There’s an entire group of travellers who do not value sleep as much, prioritising experiences, connecting via their mobile devices, and juggling their careers.

‘The Weary Sleep-Deprived Travellers’ are often looking to escape to a new location where they can rest and enjoy sleep in a way that they don’t when they are in their own homes.

How are hotel brands responding to them?

Recognising the need for people to enjoy restorative, peaceful sleep in new surroundings, hotel brands across the globe are focusing on this socio-demographic group.

Hotels are beginning to build sound-proof walls that allow guests to enjoy a tranquil space free of noise from other guests as they go to sleep for the night.

Others are offering turndown services, such as playing soft music in the rooms, or providing guests with a bedtime phone call reminding them to turn off their devices about an hour before they go to sleep.

Some hotels like the MGM Grand are even installing dawn simulators versus alarm clocks in order to help their guests rise in a more gentle, natural way.


How do you get them to book direct at your hotel?

A few features that you can implement in order to attract The Weary Sleep-Deprived Travellers’ include:

Give them a beautiful website experience

Aspirations are key with this group of travellers as they dream about their next holiday. The Billboard Effect suggests that prospective guests will visit your website after seeing your property on a third party’s site, and so you need to ensure that their first impression of your website inspires them to find out more and book direct.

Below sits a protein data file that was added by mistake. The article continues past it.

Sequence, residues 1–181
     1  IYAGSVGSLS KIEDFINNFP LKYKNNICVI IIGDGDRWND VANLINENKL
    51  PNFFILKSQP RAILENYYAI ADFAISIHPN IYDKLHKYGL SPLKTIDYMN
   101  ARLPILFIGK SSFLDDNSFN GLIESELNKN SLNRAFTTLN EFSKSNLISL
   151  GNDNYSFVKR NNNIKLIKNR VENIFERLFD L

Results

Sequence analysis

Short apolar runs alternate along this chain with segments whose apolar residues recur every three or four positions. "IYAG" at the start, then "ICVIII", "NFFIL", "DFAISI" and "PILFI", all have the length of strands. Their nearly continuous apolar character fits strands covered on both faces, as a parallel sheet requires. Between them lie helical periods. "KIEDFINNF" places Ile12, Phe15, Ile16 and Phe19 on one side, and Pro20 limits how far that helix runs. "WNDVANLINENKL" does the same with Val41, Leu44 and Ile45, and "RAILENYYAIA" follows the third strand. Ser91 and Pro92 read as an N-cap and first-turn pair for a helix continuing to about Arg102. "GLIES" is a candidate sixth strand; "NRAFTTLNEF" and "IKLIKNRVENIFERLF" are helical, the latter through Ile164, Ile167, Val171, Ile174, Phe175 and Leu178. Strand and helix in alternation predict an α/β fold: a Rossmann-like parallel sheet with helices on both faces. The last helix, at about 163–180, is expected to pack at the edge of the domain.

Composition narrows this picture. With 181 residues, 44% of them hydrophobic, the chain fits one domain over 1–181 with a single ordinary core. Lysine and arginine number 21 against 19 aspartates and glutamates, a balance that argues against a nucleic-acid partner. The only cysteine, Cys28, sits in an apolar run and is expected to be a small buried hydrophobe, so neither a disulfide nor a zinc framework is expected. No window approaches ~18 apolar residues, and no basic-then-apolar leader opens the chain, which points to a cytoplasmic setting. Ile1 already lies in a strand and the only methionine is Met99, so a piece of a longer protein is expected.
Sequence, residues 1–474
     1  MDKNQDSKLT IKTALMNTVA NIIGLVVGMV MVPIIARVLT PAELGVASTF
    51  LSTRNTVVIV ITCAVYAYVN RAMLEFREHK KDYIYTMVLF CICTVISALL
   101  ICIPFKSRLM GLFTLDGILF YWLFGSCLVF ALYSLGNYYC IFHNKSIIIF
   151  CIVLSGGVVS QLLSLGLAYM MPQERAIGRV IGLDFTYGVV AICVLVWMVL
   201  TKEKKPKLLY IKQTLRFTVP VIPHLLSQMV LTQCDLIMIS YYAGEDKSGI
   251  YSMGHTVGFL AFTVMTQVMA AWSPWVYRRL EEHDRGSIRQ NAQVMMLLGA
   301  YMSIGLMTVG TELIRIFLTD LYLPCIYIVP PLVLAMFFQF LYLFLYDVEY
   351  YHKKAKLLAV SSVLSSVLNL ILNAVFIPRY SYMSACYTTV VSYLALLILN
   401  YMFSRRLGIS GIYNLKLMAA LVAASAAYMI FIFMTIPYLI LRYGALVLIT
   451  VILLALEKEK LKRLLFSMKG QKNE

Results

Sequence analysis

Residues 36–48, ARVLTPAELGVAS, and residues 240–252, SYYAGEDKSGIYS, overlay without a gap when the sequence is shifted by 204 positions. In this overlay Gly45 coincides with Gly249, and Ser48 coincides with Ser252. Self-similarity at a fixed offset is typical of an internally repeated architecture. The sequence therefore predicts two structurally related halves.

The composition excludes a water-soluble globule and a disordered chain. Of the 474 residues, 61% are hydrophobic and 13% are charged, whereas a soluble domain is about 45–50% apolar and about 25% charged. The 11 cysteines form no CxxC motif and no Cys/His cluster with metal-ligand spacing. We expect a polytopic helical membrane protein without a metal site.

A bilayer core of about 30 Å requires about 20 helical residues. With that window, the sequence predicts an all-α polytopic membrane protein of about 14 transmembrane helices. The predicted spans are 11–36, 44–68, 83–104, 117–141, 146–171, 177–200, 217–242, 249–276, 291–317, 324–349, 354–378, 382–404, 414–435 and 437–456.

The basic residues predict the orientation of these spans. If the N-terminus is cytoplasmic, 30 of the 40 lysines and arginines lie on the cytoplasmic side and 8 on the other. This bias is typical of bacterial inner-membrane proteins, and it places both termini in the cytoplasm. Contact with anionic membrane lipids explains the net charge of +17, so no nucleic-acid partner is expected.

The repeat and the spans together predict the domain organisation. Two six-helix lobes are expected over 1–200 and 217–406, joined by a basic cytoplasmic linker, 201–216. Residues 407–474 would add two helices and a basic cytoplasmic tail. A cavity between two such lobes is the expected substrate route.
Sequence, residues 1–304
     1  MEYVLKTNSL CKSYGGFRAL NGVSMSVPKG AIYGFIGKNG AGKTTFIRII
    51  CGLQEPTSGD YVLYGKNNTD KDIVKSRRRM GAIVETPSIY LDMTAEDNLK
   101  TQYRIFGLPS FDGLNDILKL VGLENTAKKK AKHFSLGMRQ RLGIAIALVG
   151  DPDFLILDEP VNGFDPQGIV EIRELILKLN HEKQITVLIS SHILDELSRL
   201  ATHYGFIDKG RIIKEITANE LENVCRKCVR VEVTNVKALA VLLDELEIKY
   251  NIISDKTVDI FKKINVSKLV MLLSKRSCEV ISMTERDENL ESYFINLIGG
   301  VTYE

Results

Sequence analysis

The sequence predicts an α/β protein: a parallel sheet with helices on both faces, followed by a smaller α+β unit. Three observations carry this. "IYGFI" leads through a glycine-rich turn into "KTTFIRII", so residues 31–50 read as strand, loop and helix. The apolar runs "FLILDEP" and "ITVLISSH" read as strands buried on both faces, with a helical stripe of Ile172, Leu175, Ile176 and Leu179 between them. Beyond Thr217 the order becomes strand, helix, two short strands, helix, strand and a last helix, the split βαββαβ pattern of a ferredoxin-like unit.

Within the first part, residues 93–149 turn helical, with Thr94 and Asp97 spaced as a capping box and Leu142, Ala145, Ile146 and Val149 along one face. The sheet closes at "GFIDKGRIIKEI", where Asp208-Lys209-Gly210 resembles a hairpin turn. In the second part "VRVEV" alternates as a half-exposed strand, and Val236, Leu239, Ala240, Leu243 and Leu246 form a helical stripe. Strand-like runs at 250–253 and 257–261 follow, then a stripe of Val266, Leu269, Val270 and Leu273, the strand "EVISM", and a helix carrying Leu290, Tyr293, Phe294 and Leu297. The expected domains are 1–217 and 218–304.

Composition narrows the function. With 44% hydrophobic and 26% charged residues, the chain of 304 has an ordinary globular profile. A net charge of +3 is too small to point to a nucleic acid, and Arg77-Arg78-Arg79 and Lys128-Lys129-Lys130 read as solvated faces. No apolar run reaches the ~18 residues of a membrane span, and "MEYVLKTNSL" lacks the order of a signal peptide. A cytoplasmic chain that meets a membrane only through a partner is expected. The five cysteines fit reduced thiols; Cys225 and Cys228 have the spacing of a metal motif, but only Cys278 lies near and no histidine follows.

If your hotel’s website needs a redesign (but you don’t have an endless marketing budget), then consider using a website creator such as SiteMinder’s Canvas. It’s quick and easy to manage, and delivers everything a profitable hotel website needs. You can read more about creating an aspirational hotel website in our FREE guide available by clicking here.

Make sure they can purchase relaxing extras

Your online booking engine should allow for the upsell of extras. Think about the concept of selling sleep and how you can upsell relaxing extras such as an evening massage or a turndown service.

Create sleep-kits that include luxury pillows, earplugs, aromatherapy oils, etc. And sell the equivalent extras package for children that feature bedtime stories and special nightlights. Use an online booking engine, such as SiteMinder’s TheBookingButton, that allows for flexibility and creativity in the upsell of extras.

Revenue management rules: 3 key pieces of advice to help you drive profit at your hotel

Effective revenue management can set the foundation for a profitable, well-run hotel. Without implementing revenue management disciplines, the operations of your hotel business can lack direction.

However, managing revenue effectively is a challenge, with an industry landscape that involves so many distribution channels – wholesalers, travel agents, online travel agents, and meta search just to name a few.

This is why technology like channel managers and market intelligence tools are crucial. The power in SiteMinder’s Prophet solution, for example, is that it breaks market intelligence down into consumable and meaningful insights that matter, and takes away all the white noise that can come with big data.